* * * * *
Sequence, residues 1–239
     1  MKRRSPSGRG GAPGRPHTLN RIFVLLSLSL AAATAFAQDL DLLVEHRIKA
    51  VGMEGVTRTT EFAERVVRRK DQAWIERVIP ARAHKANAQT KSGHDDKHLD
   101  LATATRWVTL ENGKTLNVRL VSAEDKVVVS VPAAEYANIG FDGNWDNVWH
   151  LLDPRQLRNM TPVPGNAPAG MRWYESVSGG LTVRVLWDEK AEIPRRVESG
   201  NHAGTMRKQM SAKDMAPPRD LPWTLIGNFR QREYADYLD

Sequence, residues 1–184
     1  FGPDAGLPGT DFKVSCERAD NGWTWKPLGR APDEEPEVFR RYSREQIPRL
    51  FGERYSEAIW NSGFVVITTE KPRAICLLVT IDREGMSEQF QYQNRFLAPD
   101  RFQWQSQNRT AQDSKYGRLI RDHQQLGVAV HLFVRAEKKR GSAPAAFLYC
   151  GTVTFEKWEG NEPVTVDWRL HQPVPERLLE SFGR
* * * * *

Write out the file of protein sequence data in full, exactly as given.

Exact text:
Sequence, residues 1–239
     1  MKRRSPSGRG GAPGRPHTLN RIFVLLSLSL AAATAFAQDL DLLVEHRIKA
    51  VGMEGVTRTT EFAERVVRRK DQAWIERVIP ARAHKANAQT KSGHDDKHLD
   101  LATATRWVTL ENGKTLNVRL VSAEDKVVVS VPAAEYANIG FDGNWDNVWH
   151  LLDPRQLRNM TPVPGNAPAG MRWYESVSGG LTVRVLWDEK AEIPRRVESG
   201  NHAGTMRKQM SAKDMAPPRD LPWTLIGNFR QREYADYLD

Sequence, residues 1–184
     1  FGPDAGLPGT DFKVSCERAD NGWTWKPLGR APDEEPEVFR RYSREQIPRL
    51  FGERYSEAIW NSGFVVITTE KPRAICLLVT IDREGMSEQF QYQNRFLAPD
   101  RFQWQSQNRT AQDSKYGRLI RDHQQLGVAV HLFVRAEKKR GSAPAAFLYC
   151  GTVTFEKWEG NEPVTVDWRL HQPVPERLLE SFGR